When our latest survey showed that 59 percent of Americans "trust their local newspaper to report the truth," I was dumbfounded.
Prior to the survey, I was convinced that the recent controversy over questionable reporting at The New York Times had evaporated what little trust most people still had in newspapers. I also thought most Americans would view their local newspaper as a bundle of ink on paper, filled with hidden agendas, subtle bias and comic-book style graphics.
I was completely wrong. Let me suggest why I was so off base.
In his latest traveling show, comedy superstar Jerry Seinfeld makes an apt and very funny point: Why do cable TV news shows continually scroll the latest information across the bottom of the screens? As Seinfeld points out, this is television. "If we wanted to read, we'd look at a newspaper," he says.
As usual, this humorist for our generation has put his finger on the essence of America and the new information age. News today is one wild and spinning circus. The secret to the survival of newspapers will come when their leadership and writers recognize the public really doesn't live or die based on our every written word!
What seems to make newspapers meaningful to their subscribers is, in part, the fact that they are tangible. We can hold a newspaper, underline portions, clip articles and even draw moustaches and devil horns on the photos of pictured people. Unlike TV, newspapers put the reader in control. We can decide the order and time of presentation for news, sports and lifestyle. And after this picking and choosing, we can then elect to fling the whole thing into a recycling bin, or yes, even wrap fish with it.
Then there are newspapers such as The New York Times. The Times takes itself very seriously, probably because it really does consider itself "the nation's newspaper of record." Funny, I didn't see that designation being made by an act of Congress.
In truth, the so-called "journalism scandal" the Times recently suffered would have been much less of a story had the Times not taken itself so seriously in the first place. Why did heads have to roll, including some that contained brilliant -- though perhaps overly liberal -- minds, such as Howell Raines? Perhaps as a sacrifice to the gods of self-importance.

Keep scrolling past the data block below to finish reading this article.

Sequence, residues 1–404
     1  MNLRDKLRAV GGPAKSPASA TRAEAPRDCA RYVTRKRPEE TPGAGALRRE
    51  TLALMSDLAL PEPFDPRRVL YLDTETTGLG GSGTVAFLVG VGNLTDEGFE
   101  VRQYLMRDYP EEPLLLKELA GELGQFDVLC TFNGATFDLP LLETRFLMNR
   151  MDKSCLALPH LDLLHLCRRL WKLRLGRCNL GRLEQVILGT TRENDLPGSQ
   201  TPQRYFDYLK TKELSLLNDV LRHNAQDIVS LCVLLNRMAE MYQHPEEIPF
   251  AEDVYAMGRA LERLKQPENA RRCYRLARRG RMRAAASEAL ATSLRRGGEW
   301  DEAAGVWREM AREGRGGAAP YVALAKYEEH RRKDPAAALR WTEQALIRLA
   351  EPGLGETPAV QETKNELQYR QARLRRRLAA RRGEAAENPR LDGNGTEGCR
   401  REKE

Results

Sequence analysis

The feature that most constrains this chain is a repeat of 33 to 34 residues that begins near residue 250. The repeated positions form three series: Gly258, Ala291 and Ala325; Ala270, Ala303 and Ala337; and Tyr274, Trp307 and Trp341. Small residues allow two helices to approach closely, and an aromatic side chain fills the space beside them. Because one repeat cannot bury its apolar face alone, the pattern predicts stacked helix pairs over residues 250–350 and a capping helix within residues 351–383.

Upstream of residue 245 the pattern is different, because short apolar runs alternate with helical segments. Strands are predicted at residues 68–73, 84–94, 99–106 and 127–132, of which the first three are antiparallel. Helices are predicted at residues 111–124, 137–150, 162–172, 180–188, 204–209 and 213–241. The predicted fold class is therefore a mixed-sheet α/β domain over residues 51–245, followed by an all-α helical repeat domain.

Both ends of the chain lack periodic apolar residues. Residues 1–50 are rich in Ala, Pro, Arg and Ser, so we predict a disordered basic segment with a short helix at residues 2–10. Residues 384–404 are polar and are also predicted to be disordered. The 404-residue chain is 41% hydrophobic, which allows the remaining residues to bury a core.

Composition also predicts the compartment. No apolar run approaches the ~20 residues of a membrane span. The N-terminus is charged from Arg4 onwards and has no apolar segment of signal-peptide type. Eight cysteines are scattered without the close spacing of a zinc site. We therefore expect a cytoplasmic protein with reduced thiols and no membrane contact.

Yes, readers want good journalism. But realize that they also live in an era in which TV networks take actresses and actors and turn them into news anchors (sometime failed news anchors). And most newspaper reporters, editors and columnists do their best to write accurate stories.
Of course, that doesn't mean some papers don't keep pushing their points of view through creative writing and editing of stories and headlines, however subtly. And some may fail to report good stories because they might prove flattering to ideas or people they don't like. But these gimmicks are found on TV "news talk" programs, too.
The fact is that we live in a world where young people grow up both more cynical and more accepting than in the past. Just because Barbara Wa-Wa says it, or The New York Times writes it, doesn't make something true in their minds.
And that's a good thing. In the end, newspapers are a forum of facts and opinion that converge to inform and entertain. The reader must literally decide what portions he or she will tolerate.
Too many politicians, entertainers and business leaders assume that the average American reads his or her newspaper with the same "inside" knowledge the journalist possess. That's simply not the case. Hence, the general public's support for their local paper.
So newspaper editors of the world, take heart. Neither the foibles of the great New York Times nor the general left-of-center bent among so many in media have in any way ruined the newspaper industry. For all their flaws, papers are generally relied upon and trusted by the American people.
So here's to our readers. May they continue to read us, fight with us and then throw us away.
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